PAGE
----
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ACMD Seminar: Engineering Energy Efficient Intelligence

Natesh Ganesh
Electrical and Computer Engineering, Univ. of Massachusetts, Amherst

Thursday, July 25, 1:00-2:00
Building 101, Lecture Room D  (VTC from Boulder)

Thursday July 25, 11:00-12:00
Building 1, Room 4550

Host: Andrew Dienstfrey

Abstract:  The shift in the focus of the computing industry towards learning applications, and the inevitable end to Moore's law have empowered the search for novel substrates and architectures to build computing systems that can learn like the human brain. Machine learning techniques have made tremendous progress in narrow tasks using large datasets and compute power. These systems are a far cry from the human brain in terms of energy efficiency and performance across several domains. In order to build energy efficient AI systems, we need to identify the optimal devices, architectures and design techniques. To achieve this, it is necessary to have a solid theoretical foundation for intelligence and computing, and what they both entail. In this talk I will review some of the fundamental ideas that underlie the current computational approach to intelligence, and explore the foundational question - is computing the optimal path forward to artificial intelligence? A thermodynamic framework of intelligence will be proposed as an alternative option - one that describes intelligence as a physical process in terms of homeostasis, entropy flow and energy dissipation. I will discuss this exciting path moving forward examining recent advances from non-equilibrium thermodynamics and their relationship to predictive inference in self-organized systems. I will end with a discussion on how these results will encourage rethinking of our design philosophies needed to engineer a 'computer' based on thermodynamic principles using novel substrates and network architectures.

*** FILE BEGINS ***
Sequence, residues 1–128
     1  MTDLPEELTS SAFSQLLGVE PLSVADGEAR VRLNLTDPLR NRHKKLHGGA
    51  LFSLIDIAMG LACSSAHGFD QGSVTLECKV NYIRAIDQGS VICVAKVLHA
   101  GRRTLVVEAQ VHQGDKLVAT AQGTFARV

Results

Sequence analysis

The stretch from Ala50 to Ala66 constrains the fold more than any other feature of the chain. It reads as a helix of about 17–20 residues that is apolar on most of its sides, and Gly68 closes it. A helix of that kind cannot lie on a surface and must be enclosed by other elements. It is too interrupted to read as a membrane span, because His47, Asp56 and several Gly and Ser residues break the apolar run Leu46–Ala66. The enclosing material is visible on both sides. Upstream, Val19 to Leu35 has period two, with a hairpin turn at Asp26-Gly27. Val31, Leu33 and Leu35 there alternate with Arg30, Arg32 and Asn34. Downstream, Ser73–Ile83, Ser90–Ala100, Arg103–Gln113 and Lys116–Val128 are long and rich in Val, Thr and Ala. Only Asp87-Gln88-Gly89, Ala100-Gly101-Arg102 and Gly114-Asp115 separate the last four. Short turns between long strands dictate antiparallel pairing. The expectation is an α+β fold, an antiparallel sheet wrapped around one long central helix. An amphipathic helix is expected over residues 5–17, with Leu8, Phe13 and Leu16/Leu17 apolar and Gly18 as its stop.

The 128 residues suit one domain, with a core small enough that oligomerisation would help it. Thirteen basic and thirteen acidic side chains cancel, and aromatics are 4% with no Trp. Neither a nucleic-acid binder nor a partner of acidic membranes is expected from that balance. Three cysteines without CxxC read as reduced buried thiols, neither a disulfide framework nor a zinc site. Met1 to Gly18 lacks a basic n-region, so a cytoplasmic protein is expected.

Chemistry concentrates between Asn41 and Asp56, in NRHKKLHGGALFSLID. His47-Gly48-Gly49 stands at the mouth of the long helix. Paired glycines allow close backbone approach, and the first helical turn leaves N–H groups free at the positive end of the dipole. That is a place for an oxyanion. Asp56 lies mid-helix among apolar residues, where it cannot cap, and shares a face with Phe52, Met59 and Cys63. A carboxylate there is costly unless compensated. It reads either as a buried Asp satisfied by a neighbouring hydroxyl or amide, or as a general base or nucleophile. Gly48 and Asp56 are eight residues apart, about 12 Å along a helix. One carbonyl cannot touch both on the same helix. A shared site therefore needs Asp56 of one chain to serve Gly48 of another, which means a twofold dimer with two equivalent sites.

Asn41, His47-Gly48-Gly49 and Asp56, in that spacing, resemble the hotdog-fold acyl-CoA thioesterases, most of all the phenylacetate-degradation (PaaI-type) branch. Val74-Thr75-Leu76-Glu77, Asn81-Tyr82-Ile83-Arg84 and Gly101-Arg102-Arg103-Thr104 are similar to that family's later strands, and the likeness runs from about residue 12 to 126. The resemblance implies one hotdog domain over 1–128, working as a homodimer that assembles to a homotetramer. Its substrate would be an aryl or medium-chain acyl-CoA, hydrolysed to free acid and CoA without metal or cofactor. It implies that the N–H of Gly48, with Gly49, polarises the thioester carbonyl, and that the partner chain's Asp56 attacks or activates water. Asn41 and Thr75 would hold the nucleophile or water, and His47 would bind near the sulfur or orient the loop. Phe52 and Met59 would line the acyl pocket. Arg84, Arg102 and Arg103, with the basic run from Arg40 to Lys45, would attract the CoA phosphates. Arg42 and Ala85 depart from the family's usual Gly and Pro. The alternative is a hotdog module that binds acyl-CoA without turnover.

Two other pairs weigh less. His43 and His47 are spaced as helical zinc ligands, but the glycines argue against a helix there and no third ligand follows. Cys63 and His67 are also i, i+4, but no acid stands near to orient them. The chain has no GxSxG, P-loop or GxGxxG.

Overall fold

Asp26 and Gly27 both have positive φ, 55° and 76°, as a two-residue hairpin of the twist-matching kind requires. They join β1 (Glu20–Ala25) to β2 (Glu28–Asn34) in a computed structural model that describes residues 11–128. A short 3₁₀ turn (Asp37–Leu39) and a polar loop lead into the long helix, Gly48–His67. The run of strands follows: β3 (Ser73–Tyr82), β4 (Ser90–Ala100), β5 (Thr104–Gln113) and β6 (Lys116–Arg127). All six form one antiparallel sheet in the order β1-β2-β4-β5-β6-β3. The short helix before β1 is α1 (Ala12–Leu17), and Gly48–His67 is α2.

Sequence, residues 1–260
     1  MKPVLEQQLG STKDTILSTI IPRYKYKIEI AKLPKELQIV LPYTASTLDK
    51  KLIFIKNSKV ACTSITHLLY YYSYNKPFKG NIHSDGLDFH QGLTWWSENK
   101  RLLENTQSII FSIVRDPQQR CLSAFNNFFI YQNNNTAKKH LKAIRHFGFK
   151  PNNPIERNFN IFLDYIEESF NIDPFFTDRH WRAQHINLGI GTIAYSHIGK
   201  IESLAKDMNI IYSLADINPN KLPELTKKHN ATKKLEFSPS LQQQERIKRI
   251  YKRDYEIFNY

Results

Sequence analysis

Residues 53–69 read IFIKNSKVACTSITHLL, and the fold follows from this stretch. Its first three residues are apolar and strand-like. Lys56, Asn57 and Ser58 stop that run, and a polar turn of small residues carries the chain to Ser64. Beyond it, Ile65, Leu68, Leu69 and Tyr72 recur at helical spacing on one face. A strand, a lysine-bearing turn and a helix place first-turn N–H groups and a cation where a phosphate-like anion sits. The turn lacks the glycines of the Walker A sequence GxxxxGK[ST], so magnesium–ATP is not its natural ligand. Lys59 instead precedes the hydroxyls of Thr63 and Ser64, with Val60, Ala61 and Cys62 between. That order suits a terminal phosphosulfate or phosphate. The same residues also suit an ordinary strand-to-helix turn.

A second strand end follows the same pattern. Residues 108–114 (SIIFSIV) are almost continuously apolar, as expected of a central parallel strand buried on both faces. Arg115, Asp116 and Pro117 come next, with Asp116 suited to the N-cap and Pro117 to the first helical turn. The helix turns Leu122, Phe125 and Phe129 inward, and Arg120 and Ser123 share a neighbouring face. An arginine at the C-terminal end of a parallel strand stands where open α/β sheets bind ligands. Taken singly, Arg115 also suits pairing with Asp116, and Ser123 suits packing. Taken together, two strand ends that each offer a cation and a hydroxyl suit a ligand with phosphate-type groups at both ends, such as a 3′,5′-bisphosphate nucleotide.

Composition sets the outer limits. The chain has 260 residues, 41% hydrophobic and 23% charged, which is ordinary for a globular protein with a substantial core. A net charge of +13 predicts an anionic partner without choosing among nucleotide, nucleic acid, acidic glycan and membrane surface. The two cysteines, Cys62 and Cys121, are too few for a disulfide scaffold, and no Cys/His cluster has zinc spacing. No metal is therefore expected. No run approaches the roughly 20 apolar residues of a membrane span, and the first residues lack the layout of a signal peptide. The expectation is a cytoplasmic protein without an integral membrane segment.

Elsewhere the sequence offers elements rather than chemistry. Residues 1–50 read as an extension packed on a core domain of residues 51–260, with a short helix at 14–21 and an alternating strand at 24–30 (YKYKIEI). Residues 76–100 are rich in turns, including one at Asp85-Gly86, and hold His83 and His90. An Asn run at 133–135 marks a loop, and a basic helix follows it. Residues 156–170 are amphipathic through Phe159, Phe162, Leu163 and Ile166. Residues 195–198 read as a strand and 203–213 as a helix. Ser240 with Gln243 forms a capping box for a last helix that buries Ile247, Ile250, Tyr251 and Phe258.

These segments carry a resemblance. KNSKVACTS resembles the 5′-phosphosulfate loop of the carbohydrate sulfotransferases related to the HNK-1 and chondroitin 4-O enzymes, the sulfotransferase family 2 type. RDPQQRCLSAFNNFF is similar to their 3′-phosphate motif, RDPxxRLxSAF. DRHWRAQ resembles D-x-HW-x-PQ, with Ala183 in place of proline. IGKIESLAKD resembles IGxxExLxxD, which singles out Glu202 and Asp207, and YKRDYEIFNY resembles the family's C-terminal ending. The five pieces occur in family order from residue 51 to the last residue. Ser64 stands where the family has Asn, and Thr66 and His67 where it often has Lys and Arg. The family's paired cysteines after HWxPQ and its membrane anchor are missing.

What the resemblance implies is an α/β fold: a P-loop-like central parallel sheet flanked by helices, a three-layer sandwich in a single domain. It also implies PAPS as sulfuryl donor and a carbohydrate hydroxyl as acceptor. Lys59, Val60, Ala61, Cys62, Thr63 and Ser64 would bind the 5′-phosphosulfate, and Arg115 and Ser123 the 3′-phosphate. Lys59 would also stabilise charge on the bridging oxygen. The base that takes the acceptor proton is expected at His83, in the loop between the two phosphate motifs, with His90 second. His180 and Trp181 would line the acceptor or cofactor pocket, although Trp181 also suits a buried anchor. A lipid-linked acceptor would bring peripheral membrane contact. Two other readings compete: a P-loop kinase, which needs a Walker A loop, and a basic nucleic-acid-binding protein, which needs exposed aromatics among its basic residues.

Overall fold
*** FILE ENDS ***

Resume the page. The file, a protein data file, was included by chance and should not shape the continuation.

Bio: Natesh Ganesh is a PhD student in the Electrical and Computer Engineering Dept. at the Univ. of Massachusetts, Amherst working under Prof. Neal Anderson. His research interests include physical intelligence, complex systems, information theory, non-equilibrium thermodynamics, brain inspired hardware and artificial consciousness. He has been working on the fundamental non-equilibrium conditions for intelligence in physical systems and proposed the novel  framework of Thermodynamic Intelligence for his graduate research. He is currently working on the new engineering of thermodynamic computing to build energy efficient AI using novel substrates.

Note: Visitors from outside NIST must contact Cathy Graham; (301) 975-3800; at least 24 hours in advance.


Created July 9, 2019, Updated November 15, 2019